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In the circuit the current i1 is flowing from external device. Now my doubt is what is the voltage developed at the analog input of the micro? I am asking this question since i don't know the resistance of the analog input. Can i simply neglect the resistance of the micro analog input, or i need to refer from the data sheet. Can i also neglect the 56K resistor in series? In that case is the voltage at the analog input is Is*4.7K? Please help


1 Answer 1


The analog input's internal resistance can be safely considered so large as to be negligible. The actual leakage current into the input pin will probably be specified in the microcontroller's datasheet. Typical values will be in the \$\mu A\$ or \$nA\$ range and will change slightly when the internal circuitry samples the pin. For most cases, the voltage on either side of R3 will be about the same, so R3's presence can be neglected as well. Assuming all of the current from I1 goes through R1 to ground is valid for most cases.

If, however, R3 becomes sufficiently large, the internal resistance of the analog input can no longer be ignored. This is also true for sufficiently tiny values of I1. But those extremes are rare and can be mitigated with a well designed analog buffer (such as an op amp in voltage-following mode).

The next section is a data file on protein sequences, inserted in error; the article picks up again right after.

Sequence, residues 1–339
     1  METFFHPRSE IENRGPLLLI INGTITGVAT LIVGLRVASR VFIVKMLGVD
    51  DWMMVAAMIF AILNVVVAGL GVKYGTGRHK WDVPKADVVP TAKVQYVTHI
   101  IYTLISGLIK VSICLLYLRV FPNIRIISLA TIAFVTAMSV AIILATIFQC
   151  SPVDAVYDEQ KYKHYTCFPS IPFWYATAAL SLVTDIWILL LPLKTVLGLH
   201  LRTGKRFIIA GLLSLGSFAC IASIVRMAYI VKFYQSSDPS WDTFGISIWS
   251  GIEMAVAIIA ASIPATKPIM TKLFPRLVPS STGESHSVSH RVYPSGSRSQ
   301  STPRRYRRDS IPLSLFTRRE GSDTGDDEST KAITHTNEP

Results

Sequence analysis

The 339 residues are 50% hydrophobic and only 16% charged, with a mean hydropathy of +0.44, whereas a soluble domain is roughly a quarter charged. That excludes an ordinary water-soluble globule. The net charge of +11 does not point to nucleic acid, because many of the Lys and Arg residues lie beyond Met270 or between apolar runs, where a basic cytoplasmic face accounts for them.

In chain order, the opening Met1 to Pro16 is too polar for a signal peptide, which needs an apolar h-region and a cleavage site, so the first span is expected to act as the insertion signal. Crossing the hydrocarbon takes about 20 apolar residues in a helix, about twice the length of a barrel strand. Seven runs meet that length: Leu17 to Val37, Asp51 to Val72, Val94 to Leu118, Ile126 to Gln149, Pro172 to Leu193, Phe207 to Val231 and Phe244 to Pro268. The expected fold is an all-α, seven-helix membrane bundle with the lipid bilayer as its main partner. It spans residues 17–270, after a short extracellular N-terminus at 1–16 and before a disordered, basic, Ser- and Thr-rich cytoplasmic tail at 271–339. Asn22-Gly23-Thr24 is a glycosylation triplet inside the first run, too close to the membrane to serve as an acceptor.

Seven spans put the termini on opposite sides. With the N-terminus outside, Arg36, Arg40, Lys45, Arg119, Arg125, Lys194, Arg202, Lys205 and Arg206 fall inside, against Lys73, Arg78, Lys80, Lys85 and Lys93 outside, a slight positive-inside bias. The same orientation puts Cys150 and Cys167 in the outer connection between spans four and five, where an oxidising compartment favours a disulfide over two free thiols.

One other thing to note is that some microcontroller manufacturers have a limit on the series resistance into a analog input. For example, Microchip specifies a 10\$k\Omega\$ limit on the total resistance going into an analog input pin on their PIC microcontrollers. Your 56\$k\Omega\$ resistor above would cause the ADC function to fail on a PIC.

  • \$\begingroup\$ Just curious to know how this 10kΩ or anyother series resistor will make the ADC circuit to fail. What is the internal component in ADC circuit which fails because of this series resistor? Also can i find this value in the datasheet? \$\endgroup\$
    – rajesh
    Jul 15, 2015 at 7:42
  • \$\begingroup\$ Yes, the datasheet is the place to find that information. As to why they chose 10kΩ, that's beyond the scope of a comment. But the short answer is because of timing requirements. The larger the resistor, the slower the ADC mechanism can sample the voltage. Make the resistor too large and the necessary timing requirements are violated. \$\endgroup\$
    – Dan Laks
    Jul 15, 2015 at 7:47

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